Decentral Green H2

The Decentral Green H2 project of the Institute of Chemical, Environmental and Bioscience Engineering at TU Wien aims at recovering hydrogen from biomass to utilize it for carbon neutral, efficient and decentralized power and heat generation.


Hydrogen is regarded as the energy source of the future especially when obtained from renewable natural resources. Producer gas originating from thermal biomass steam gasification in a dual fluidized bed primarily consists of hydrogen (35-45 vol% standard gasification, 67-75% SER-gasification). This gasification technology was proven on an industrial scale and thus represents an up-and-coming technology to produce hydrogen sustainably.

Next to hydrogen, carbon monoxide CO, carbon dioxide CO2, methane CH4 and ethylene C2H4 appear as main components as a result of the gasification. Secondary components consist of higher hydrocarbons such as ethane, acetylene, BTX, naphthalene as well as sulfur compounds. Carbon monoxide in particular poses a problem for the application of hydrogen in a fuel cell; hence, its content has to be reduced to less than 10ppm. Yet, the other compounds mentioned above can negatively affect the purification process and the durability of the fuel cell as well. Accordingly, they have to be removed efficiently.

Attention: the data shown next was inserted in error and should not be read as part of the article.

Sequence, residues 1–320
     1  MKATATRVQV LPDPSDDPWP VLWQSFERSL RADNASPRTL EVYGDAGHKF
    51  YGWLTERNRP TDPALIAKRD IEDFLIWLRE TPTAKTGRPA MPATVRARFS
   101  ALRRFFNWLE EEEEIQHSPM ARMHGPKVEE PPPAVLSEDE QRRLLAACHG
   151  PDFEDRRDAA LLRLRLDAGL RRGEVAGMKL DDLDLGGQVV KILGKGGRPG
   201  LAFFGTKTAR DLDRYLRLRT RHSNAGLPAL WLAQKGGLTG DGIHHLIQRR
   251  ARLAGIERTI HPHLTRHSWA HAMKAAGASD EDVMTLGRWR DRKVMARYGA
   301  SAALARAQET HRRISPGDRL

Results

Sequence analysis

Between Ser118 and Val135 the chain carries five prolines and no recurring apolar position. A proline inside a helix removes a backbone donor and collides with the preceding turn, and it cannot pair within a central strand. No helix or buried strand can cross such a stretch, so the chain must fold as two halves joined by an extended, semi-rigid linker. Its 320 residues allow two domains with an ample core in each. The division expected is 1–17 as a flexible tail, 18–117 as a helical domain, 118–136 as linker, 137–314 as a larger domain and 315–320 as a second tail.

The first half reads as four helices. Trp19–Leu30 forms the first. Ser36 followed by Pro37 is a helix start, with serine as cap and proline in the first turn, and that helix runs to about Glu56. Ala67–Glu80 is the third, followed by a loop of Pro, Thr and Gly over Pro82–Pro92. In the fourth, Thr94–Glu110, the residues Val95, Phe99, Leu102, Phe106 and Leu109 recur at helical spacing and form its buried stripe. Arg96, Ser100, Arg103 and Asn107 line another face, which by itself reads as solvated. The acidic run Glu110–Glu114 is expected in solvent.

Figure 1: Experimental setup

Aims and Goals

The goal of the project is to develop a basic industrial process chain consisting of, amongst others, a membrane separation unit and pressure swing adsorption (PSA) which, based on real producer gas, attains hydrogen qualities suitable for proton exchange membrane fuel cells. In cooperation with the project partners Energie Burgenland and Binder Industrieanlagenbau GmbH, the experimental setup with a capacity of 6 m3(STP)/h was installed at the location of the biomass power plant Oberwart. Extensive variations of the parameters served to define the basis for the subsequent upscaling and the design of a process chain on an industrial scale. Finally, long-term experiments provide data to evaluate the stability and practical suitability of the applied procedure.

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